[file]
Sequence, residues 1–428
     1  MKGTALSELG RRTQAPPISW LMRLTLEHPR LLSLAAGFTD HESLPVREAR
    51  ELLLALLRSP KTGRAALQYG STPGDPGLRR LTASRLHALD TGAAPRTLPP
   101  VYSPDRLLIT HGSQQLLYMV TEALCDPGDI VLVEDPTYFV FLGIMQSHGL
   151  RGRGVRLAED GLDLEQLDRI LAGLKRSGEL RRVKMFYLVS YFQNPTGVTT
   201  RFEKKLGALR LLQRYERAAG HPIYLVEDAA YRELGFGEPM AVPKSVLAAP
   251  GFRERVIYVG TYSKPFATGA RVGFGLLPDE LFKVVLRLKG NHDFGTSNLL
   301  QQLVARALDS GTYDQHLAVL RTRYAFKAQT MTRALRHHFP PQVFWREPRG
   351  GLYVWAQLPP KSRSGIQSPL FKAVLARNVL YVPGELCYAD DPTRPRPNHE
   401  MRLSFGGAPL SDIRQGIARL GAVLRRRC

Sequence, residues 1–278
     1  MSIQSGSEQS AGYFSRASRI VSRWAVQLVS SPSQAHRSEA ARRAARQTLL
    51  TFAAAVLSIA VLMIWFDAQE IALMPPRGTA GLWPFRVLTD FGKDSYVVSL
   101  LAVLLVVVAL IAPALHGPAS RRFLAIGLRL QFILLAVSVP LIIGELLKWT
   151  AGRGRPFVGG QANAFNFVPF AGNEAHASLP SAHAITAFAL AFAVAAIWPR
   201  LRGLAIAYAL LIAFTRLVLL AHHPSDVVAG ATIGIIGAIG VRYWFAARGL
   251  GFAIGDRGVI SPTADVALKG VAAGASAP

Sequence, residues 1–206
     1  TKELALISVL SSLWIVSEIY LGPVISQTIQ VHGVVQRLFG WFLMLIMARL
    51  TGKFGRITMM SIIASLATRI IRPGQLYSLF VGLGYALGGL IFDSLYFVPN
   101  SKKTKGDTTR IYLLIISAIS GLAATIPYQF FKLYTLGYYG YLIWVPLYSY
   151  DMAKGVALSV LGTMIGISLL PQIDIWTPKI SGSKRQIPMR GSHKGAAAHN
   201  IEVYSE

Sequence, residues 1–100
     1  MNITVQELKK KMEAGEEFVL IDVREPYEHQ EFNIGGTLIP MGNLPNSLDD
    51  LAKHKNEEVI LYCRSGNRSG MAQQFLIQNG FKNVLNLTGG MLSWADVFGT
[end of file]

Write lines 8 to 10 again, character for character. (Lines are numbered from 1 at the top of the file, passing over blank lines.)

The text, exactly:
   301  QQLVARALDS GTYDQHLAVL RTRYAFKAQT MTRALRHHFP PQVFWREPRG
   351  GLYVWAQLPP KSRSGIQSPL FKAVLARNVL YVPGELCYAD DPTRPRPNHE
   401  MRLSFGGAPL SDIRQGIARL GAVLRRRC